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Assuming that you take into account the issue that Chris Jester-Young referred to, by accounting for the "Schlemiel the Painter" problem, you are likely to find that in a head to head comparison that strncat() is quicker than snprintf() - in the way that you are using it.

snprintf() does have the (albeit minor, in this case) overhead of having to parse the format string that strncat() does not.

The snippet of code that you provided is different enough from the example given in the linked question to potentially change the comparison.

As Stephen has mentioned, for most platforms running strncpy() 12 times versus snprintf() should produce a negligible difference. The use of a profiler would be useful here to make sure that you're concentrating on the right area.


In the example that you have provided you are trying to append a const string to your buffer. If that is what you're doing in your real code (rather than just as a simple example) and the string copying is really a significant area of execution time, you might be able to optimise that area.

One common method of optimisation is to find calculations that can be pre-computed at compile time, rather than at execution time. If you are only interested in handling const strings you may be able to effectively precompute the length of the strings and then use memcpy(), instead of strncpy() to perform the string append. memcpy() is typically very well optimised to your platform.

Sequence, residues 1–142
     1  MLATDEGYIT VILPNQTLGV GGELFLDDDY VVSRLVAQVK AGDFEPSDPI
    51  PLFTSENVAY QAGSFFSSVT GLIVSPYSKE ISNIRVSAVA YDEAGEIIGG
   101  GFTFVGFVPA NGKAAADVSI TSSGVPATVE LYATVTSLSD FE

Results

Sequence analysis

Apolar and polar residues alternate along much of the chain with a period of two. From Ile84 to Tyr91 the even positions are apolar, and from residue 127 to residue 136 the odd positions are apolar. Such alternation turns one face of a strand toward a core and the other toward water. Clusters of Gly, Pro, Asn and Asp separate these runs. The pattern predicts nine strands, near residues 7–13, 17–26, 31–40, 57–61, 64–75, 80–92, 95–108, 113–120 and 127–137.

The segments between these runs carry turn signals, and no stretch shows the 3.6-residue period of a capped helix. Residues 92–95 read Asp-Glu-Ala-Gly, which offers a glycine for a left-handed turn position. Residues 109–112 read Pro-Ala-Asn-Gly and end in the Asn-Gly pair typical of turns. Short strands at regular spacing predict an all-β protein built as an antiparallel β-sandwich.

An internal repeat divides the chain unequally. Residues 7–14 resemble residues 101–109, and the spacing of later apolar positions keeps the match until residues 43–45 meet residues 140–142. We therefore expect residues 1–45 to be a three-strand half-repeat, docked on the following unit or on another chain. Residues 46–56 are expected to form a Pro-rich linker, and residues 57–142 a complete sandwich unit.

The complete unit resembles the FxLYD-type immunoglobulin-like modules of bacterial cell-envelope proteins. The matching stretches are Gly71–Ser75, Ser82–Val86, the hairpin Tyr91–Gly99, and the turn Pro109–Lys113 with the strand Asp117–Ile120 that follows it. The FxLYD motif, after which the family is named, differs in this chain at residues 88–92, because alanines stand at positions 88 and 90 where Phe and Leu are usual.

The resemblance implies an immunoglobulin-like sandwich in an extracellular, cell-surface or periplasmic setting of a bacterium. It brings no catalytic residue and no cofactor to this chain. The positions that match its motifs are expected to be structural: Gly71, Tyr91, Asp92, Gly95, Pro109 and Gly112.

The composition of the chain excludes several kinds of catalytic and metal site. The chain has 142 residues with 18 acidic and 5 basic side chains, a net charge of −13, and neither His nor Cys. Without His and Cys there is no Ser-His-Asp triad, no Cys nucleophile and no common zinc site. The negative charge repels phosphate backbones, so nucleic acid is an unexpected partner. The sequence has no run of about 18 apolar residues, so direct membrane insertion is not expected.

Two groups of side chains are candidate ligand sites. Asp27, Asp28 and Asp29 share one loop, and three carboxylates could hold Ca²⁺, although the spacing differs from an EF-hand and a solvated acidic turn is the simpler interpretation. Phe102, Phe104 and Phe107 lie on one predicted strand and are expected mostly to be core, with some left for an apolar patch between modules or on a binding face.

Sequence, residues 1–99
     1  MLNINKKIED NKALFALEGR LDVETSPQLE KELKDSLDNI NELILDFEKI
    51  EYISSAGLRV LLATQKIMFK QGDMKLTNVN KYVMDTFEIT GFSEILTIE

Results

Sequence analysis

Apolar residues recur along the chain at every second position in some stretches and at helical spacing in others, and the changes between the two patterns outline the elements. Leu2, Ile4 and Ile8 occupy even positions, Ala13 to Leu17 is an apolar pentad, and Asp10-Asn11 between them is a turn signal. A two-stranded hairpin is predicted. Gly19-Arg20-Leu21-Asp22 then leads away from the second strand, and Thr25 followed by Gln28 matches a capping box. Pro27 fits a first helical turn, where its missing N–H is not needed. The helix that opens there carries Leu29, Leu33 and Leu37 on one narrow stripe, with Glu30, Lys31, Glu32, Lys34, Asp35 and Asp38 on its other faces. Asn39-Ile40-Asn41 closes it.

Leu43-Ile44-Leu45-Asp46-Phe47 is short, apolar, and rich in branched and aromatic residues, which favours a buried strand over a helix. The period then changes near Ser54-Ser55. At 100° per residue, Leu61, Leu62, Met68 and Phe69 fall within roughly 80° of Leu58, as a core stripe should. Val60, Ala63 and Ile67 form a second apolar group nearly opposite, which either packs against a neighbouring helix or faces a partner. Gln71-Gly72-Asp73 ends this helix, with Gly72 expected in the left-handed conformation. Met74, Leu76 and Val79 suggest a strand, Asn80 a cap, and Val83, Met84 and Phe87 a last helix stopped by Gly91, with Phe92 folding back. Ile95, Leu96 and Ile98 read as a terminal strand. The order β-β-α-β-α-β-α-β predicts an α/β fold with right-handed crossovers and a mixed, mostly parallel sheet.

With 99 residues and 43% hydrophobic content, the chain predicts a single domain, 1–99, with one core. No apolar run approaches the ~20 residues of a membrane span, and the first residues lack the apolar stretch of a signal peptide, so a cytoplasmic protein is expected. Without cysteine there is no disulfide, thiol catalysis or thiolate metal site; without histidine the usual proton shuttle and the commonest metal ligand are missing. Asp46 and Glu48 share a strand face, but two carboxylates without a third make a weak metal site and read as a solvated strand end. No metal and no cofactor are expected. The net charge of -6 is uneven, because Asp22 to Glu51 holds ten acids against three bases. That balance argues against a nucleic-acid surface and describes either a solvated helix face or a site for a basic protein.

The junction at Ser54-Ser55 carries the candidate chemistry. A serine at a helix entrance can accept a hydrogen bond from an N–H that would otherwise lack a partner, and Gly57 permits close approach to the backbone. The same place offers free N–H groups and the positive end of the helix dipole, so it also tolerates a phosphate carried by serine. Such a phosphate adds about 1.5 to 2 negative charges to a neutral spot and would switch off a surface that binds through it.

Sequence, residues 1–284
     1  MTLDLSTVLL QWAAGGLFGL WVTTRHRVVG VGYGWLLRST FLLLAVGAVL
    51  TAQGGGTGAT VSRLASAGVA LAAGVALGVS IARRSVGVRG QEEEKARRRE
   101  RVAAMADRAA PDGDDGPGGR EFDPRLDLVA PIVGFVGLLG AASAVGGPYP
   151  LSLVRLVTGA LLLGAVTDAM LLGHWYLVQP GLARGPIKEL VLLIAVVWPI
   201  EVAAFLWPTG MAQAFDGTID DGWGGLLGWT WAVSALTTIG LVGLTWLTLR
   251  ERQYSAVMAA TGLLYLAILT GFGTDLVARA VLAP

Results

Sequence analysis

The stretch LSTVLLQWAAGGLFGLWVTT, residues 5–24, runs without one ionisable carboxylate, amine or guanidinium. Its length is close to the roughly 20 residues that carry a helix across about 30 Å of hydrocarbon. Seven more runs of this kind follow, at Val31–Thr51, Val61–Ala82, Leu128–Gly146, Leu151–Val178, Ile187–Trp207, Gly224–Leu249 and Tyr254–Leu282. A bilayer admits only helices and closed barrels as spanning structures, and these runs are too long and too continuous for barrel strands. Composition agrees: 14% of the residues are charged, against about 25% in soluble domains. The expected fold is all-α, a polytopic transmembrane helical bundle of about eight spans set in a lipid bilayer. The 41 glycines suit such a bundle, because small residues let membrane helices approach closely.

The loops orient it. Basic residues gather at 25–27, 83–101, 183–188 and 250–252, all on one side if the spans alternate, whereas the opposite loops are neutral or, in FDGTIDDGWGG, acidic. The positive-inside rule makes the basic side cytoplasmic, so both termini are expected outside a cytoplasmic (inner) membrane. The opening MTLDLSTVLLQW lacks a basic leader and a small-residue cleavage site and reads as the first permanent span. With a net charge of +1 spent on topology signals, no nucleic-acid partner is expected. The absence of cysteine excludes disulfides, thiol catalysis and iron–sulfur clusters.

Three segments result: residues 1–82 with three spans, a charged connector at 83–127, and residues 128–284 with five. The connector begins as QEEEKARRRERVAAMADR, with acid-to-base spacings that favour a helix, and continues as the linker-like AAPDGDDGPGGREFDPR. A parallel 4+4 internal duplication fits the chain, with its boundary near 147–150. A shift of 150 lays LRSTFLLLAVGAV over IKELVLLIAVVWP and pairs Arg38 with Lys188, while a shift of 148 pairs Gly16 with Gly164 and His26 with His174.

Of course such a solution would be at the expense of having to take more care of buffer overflows and pointer arithmetic.

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I'm not a profiler, so I can't say for sure what is slow.

As @chris mentions, strncat can do more work than it needs to in finding the end of the destination string over and over. You might have been able to mitigate that since it appears you are tracking space consumed, so you can start from the end on each subsequent call.

On the other hand, snprintf likely has to do extra work compared to a strcat or strcpy, because it must parse the "%s" on each call to figure out how to deal with the variable argument list.

I'm not surprised that strncat could run faster, especially in the absence of aggressive optimization levels.

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People who mentioned not to optimize early after you noticed a slow down are silly. In this case, you don't even need to run a profiler. You already have empirical evidence switching to snprintf slowed down your program.

snprintf will null pad your destination buffer if it is larger than the source string. If your destination buffer is 1 million bytes large and you are copying a 5 byte string to it, snprintf will loop 999,995 times to write 0's after copying the 5 bytes. It is a requirement of the C99 standard, section 7.21.2.4.

I work in the financial industry where performance is key and almost always prefer sprintf to snprintf. It is possible to write fast and stable apps with it within a tigthly controlled environment.